Not everything that’s “politically correct” is bad. That’s one lesson of the Classic Stage Company’s current presentation of August Strindberg’s 1889 play Miss Julie (at the Lynn F. Angelson Theater in New York through March 10). Retitled Mies Julie and reset in a remote stretch of South Africa’s Transvaal province, the play has been skillfully rewritten by Yaël Farber. Aided by a superb production, this version of the Strindberg classic restores the shock value in the story that its first author intended, but which is now all too frequently absent.
This version of the Strindberg classic Miss Julie restores the shock value in the story that its first author intended, but which is now all too frequently absent.
Multiple ambitions spurred Strindberg to write Miss Julie. One was to craft a part for his wife, the actress Siri von Essen. Like the character she played, von Essen was an aristocrat and feminist attached to a man of culture, albeit one who was well aware that he was a product of the lower classes. (Strindberg’s 1909 memoir is titled The Son of a Servant.) That sense of transgression in the meeting and mating of people from different stations no longer has the sting that it once did, but this production revives it once more with extraordinary force.
To produce that jolt, Farber makes many changes. In her rewriting, the third character in the three-hander is not the fiancée of John, the male antagonist, but his mother, and both of the workers on the estate are black peasants employed by a rich Afrikaner farmer. Although the daughter of the unseen landowner is still drawn to her male servant because she wants to engage in a bit of slumming, in this take there is the added taboo of interracial romance.
Farber has garnished this stew with a fair amount of anti-colonial and anti-white politics, and she has changed the evening during which the events take place from the Swedish midsummer festivities to the South African Freedom Day, the date of the nation’s first post-apartheid elections. But if Farber felt compelled to toss in bien pensant political views, there’s no denying that she also arranged her tale with economy and flair, greatly bolstered by her superb lead actors, Elise Kibler and James Udom.
Kibler gave a raw and moving performance as Julie. Udom, a recent Yale Drama School graduate of enormous gifts, is by turns vulnerable and frightening as John. He commands the stage in a way that is precocious and exceptional.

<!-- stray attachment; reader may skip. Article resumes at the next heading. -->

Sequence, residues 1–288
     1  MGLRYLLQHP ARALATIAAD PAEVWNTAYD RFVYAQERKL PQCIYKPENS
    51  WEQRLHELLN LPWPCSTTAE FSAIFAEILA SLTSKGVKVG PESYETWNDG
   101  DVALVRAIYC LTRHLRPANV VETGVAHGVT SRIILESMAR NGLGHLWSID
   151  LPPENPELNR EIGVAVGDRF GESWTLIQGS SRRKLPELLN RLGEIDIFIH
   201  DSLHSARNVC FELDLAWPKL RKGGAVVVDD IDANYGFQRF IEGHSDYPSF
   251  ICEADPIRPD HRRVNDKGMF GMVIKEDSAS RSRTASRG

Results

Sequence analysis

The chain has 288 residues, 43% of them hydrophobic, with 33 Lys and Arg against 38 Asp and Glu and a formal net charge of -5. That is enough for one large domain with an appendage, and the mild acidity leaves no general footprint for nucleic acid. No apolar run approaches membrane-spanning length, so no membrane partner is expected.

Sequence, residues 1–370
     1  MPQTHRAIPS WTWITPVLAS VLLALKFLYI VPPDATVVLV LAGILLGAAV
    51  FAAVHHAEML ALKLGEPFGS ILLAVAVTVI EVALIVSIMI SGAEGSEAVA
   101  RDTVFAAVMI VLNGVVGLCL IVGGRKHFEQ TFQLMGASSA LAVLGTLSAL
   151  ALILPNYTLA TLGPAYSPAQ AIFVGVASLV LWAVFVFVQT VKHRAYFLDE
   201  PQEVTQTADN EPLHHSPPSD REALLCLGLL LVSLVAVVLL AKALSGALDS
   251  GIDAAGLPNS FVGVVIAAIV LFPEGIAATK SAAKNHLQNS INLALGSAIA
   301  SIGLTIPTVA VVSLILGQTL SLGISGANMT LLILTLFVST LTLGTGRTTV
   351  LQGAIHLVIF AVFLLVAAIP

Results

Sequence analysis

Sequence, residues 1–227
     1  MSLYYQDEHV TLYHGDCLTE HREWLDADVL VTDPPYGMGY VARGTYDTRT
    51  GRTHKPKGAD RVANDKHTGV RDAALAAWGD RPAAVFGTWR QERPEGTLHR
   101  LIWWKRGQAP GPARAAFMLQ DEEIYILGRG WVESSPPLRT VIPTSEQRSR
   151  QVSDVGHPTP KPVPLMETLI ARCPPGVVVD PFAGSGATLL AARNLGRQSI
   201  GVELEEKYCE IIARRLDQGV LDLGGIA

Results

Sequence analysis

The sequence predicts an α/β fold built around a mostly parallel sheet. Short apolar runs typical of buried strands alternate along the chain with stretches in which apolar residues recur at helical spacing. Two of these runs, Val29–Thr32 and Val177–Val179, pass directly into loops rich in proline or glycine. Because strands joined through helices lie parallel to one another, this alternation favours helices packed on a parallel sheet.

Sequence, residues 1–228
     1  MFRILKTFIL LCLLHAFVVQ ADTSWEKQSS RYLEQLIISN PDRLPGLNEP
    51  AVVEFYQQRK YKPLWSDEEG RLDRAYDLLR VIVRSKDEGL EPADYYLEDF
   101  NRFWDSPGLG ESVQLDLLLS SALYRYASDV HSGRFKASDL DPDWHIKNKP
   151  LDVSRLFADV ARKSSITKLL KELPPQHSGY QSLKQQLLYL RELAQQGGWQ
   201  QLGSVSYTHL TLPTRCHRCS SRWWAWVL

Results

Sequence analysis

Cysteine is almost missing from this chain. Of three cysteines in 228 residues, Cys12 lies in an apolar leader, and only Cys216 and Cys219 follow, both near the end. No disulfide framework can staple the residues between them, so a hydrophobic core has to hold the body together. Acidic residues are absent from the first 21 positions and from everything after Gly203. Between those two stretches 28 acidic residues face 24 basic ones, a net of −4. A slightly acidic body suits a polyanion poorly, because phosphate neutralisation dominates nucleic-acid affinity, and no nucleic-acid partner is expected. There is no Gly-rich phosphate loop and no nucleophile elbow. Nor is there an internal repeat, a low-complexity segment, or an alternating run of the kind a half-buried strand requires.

This production, directed by Shariffa Ali, contains a lot of nudity and a measure of gore. While this is partly obscured by Stacey Derosier’s artfully dim stage lighting, as the show is staged in the round, audiences should be prepared for a production that is certainly not appropriate for children.
Admirers of Strindberg can see another of his plays, also at the Lynn F. Angelson Theater: Mies Julie is staged in repertory with Conor McPherson’s new adaptation of Strindberg’s Dance of Death.
Sadly, the daring on display at Classic Stage is entirely lacking in Eddie and Dave, now at the Atlantic Theater Company (at Atlantic Stage 2 in New York through February 17). A lengthy improv sketch of the sort one might see on an off night at the Upright Citizens Brigade, it has been extended to a ninety-five-minute run time. Its subject is the conflict within the heavy metal rock band Van Halen between the guitarist Eddie (Amy Staats, also the playwright) and the lead singer David Lee Roth (Megan Hill). All but one of the parts in the play are performed in drag, and that’s about as far as the humor goes. I saw a matinee of the show, and this may partly explain the audience’s lackluster response. Still, there were few laughs, and the applause at the end was tepid.
It’s a shame that Staats doesn’t manage to bring her characters, or the tension between them, to life. There’s the potential in Van Halen’s story for something much more thoughtful than what’s on offer.
Staats’s background is in comic acting, and she brings an appealing vulnerability when she’s on the stage that effectively contrasts with the unsubtle scene-stealers playing alongside her. But Staats’s approach to storytelling is mostly paint-by-numbers, and some key elements of the tale are missing. The audience is told that Eddie Van Halen was trained as a child by a father who hoped his son would be a classical piano virtuoso, and we gradually learn that Eddie Van Halen regards much pop music with disdain. Implied, but not stated outright, is just how little he thinks of David Lee Roth as a singer.
There’s the potential in Van Halen’s story for something much more thoughtful than what’s on offer.
As this tells us much about pop music as a business and a phenomenon, this point might have been worth laying bare. Van Halen lore includes many revealing instances of the band’s musical quality conflicting with its celebrity appeal. For example, the guitarist Van Halen frequently had to adjust his playing to compensate for David Lee Roth’s apparent inability to sing on key. Mentioning this detail would have led us to a larger point that’s often suggested but never stated outright: the business of rock ’n’ roll has very little to do with music.
That is an important part of Van Halen’s story. But Staats never takes anything she’s saying seriously, just as she never takes her characters seriously. While many rock musicians are high on drugs, she’s high on ironic posing. What the audience is left with is definitely a drag.